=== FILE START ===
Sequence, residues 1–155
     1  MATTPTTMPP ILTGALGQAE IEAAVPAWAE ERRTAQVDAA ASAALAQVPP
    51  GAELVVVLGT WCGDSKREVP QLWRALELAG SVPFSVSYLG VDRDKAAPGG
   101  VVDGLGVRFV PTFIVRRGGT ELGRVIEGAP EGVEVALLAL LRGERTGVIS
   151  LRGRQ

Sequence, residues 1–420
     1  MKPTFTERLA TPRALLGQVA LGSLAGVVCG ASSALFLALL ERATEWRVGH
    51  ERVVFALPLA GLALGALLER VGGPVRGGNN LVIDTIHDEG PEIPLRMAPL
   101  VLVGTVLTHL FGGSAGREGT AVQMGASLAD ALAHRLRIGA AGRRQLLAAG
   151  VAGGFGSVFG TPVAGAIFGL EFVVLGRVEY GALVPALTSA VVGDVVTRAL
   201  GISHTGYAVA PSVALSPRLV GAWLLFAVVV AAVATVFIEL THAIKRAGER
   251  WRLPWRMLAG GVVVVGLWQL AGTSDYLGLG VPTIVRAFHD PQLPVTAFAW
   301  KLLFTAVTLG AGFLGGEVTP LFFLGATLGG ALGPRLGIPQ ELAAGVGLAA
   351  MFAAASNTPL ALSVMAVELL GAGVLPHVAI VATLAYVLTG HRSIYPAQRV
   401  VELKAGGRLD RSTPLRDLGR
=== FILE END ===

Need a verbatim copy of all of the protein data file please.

Sequence, residues 1–155
     1  MATTPTTMPP ILTGALGQAE IEAAVPAWAE ERRTAQVDAA ASAALAQVPP
    51  GAELVVVLGT WCGDSKREVP QLWRALELAG SVPFSVSYLG VDRDKAAPGG
   101  VVDGLGVRFV PTFIVRRGGT ELGRVIEGAP EGVEVALLAL LRGERTGVIS
   151  LRGRQ

Sequence, residues 1–420
     1  MKPTFTERLA TPRALLGQVA LGSLAGVVCG ASSALFLALL ERATEWRVGH
    51  ERVVFALPLA GLALGALLER VGGPVRGGNN LVIDTIHDEG PEIPLRMAPL
   101  VLVGTVLTHL FGGSAGREGT AVQMGASLAD ALAHRLRIGA AGRRQLLAAG
   151  VAGGFGSVFG TPVAGAIFGL EFVVLGRVEY GALVPALTSA VVGDVVTRAL
   201  GISHTGYAVA PSVALSPRLV GAWLLFAVVV AAVATVFIEL THAIKRAGER
   251  WRLPWRMLAG GVVVVGLWQL AGTSDYLGLG VPTIVRAFHD PQLPVTAFAW
   301  KLLFTAVTLG AGFLGGEVTP LFFLGATLGG ALGPRLGIPQ ELAAGVGLAA
   351  MFAAASNTPL ALSVMAVELL GAGVLPHVAI VATLAYVLTG HRSIYPAQRV
   401  VELKAGGRLD RSTPLRDLGR